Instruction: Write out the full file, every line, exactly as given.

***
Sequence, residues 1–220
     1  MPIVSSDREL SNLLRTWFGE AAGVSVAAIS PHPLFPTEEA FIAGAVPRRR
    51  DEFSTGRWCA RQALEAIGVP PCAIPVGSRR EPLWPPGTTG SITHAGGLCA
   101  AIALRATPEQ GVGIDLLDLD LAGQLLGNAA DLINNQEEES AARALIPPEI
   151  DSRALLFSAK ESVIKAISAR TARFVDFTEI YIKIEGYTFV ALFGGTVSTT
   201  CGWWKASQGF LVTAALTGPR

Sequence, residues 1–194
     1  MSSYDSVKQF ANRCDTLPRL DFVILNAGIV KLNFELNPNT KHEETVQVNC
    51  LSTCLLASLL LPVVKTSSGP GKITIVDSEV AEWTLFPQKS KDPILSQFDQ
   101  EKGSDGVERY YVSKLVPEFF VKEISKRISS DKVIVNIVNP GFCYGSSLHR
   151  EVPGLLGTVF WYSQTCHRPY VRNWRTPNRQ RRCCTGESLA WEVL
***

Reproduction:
Sequence, residues 1–220
     1  MPIVSSDREL SNLLRTWFGE AAGVSVAAIS PHPLFPTEEA FIAGAVPRRR
    51  DEFSTGRWCA RQALEAIGVP PCAIPVGSRR EPLWPPGTTG SITHAGGLCA
   101  AIALRATPEQ GVGIDLLDLD LAGQLLGNAA DLINNQEEES AARALIPPEI
   151  DSRALLFSAK ESVIKAISAR TARFVDFTEI YIKIEGYTFV ALFGGTVSTT
   201  CGWWKASQGF LVTAALTGPR

Sequence, residues 1–194
     1  MSSYDSVKQF ANRCDTLPRL DFVILNAGIV KLNFELNPNT KHEETVQVNC
    51  LSTCLLASLL LPVVKTSSGP GKITIVDSEV AEWTLFPQKS KDPILSQFDQ
   101  EKGSDGVERY YVSKLVPEFF VKEISKRISS DKVIVNIVNP GFCYGSSLHR
   151  EVPGLLGTVF WYSQTCHRPY VRNWRTPNRQ RRCCTGESLA WEVL